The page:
Python: Count the same pair in two given lists using map function

Python map: Exercise-13 with Solution

Write a Python program to count the same pair in two given lists. Use map() function.

Sample Solution:

Python Code:

from operator import eq
def count_same_pair(nums1, nums2):
    result = sum(map(eq, nums1, nums2))
    return result

nums1 = [1,2,3,4,5,6,7,8]
nums2 = [2,2,3,1,2,6,7,9]
print("Original lists:")
print("\nNumber of same pair of the said two given lists:")
print(count_same_pair(nums1, nums2))

Sample Output:

Original lists:
[1, 2, 3, 4, 5, 6, 7, 8]
[2, 2, 3, 1, 2, 6, 7, 9]

Number of same pair of the said two given lists:

Python Code Editor:

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Previous: Write a Python program to find the ration of positive numbers, negative numbers and zeroes in an array of integers.

Next: Write a Python program to interleave two given list into another list randomly. use map() function.

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Python: Tips of the Day


**kwargs and *args are function arguments that can be very useful.

They are quite underused and often under-understood as well.

Let's try to explain what kwargs are and how to use them.

  • While *args are used to pass arguments at an unknown amount to functions, **kwargs are used to do the same but with named arguments.
  • So, if *args is a list being passed as an argument, you can think of **kwargs as a dictionary that's being passed as an argument to a function.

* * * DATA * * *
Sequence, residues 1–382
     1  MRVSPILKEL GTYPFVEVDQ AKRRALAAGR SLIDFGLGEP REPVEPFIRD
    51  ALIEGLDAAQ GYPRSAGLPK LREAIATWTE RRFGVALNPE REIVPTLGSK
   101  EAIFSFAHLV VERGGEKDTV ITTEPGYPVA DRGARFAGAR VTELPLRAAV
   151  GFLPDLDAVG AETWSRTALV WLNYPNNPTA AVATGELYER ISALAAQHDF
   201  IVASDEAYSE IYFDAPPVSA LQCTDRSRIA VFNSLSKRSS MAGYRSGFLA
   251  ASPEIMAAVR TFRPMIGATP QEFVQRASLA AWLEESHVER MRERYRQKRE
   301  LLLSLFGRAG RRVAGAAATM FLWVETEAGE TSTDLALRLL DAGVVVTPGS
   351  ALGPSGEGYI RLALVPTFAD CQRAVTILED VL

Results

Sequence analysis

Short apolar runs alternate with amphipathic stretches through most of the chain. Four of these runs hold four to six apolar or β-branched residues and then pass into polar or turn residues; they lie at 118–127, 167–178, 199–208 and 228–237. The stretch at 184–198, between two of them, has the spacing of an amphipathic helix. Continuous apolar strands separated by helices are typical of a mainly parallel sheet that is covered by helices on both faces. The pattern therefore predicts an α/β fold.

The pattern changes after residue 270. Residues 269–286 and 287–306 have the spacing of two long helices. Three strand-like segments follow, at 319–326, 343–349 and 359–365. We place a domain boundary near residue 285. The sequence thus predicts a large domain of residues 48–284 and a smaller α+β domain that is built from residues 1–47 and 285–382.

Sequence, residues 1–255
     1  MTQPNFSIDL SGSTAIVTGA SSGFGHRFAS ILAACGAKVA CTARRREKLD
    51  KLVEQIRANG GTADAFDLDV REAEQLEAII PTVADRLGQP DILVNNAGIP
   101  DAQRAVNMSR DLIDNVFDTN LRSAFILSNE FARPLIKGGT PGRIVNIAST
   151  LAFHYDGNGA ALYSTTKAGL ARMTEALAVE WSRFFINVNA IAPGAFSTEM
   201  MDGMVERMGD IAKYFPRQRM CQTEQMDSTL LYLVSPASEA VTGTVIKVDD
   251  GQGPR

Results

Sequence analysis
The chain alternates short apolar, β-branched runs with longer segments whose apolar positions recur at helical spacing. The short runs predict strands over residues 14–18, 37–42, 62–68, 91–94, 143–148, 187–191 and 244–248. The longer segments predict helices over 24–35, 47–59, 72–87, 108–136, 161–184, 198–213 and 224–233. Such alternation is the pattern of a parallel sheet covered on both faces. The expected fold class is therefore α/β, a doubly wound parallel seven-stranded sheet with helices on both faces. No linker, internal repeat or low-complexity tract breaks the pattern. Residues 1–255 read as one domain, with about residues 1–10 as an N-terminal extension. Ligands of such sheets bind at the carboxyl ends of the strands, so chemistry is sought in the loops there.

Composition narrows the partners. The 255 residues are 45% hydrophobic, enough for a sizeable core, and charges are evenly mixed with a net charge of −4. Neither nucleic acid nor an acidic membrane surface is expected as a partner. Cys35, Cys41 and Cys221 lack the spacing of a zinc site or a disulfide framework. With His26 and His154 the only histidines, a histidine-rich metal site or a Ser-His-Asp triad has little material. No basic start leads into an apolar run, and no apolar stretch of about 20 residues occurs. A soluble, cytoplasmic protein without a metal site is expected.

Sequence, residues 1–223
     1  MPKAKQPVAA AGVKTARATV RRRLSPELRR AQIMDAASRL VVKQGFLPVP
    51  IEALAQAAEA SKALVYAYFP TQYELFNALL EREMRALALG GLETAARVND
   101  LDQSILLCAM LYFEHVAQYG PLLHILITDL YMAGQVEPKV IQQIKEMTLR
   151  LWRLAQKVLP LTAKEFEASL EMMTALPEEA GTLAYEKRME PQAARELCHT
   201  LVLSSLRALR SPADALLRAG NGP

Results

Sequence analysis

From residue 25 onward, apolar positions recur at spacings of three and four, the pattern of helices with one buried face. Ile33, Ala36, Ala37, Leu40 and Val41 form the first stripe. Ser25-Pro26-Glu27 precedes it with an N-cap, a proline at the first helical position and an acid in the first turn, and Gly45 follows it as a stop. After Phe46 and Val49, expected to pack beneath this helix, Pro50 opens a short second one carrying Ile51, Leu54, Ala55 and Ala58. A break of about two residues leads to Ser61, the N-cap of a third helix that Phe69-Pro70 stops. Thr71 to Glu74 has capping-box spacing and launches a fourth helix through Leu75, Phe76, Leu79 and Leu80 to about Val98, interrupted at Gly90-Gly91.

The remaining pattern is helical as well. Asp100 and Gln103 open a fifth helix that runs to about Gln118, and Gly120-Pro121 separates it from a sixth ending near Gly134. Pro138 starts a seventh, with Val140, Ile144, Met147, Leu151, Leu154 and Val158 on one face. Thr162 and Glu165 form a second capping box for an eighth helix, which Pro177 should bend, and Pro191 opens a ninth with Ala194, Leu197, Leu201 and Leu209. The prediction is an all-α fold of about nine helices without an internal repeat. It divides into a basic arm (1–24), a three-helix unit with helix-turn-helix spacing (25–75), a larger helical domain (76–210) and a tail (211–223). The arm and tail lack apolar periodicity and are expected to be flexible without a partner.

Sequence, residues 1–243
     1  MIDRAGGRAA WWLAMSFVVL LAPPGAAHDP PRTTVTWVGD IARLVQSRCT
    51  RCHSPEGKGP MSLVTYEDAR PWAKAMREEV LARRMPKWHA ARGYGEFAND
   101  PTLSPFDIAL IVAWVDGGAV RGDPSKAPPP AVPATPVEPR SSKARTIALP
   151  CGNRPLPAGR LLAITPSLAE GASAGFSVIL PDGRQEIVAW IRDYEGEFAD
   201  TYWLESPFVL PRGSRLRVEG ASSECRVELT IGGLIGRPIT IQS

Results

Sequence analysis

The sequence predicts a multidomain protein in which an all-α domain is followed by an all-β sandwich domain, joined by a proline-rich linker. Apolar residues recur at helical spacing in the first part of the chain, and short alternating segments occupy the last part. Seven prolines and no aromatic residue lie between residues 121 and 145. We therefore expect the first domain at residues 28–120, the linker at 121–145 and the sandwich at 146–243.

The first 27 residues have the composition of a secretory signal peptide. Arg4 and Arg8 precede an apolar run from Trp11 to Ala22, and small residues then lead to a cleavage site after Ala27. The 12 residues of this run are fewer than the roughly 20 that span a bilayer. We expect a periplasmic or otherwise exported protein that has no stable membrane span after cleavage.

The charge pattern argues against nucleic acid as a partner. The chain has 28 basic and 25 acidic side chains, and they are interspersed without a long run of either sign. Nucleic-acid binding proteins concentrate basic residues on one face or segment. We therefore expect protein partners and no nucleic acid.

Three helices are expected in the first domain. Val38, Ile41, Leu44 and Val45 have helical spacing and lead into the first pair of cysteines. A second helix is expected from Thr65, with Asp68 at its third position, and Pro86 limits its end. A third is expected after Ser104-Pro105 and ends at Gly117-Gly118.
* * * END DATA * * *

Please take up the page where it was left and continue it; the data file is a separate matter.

• You can use arguments as you wish as long as you follow the correct order which is: arg1, arg2, *args, **kwargs. It's okay to use only one of those but you can't mix the order, for instance, you can't have: function(**kwargs, arg1), that'd be a major faux pas in Python.
  • Another example: You can do function(*args,**kwargs) since it follows the correct order.
  • Here is an example. Let's say satelites are given with their names and weight in tons in dictionary format. Code prints their weight as kilograms along with their names.
def payloads(**kwargs):
    for key, value in kwargs.items():
        print( key+" |||", float(value)*100)
payloads(NavSat1 = '2.5', BaysatG2 = '4')


NavSat1 ||| 250.0
BaysatG2 ||| 400.0

Since the function above would work for any number of dictionary keys, **kwargs makes perfect sense rather than passing arguments with a fixed amount.

def payloads(**kwargs):
    for key, value in kwargs.items():
        print( key+" |||", float(value)*100)

sats={"Tx211":"3", "V1":"0.50"}


Tx211 ||| 300.0
V1 ||| 50.0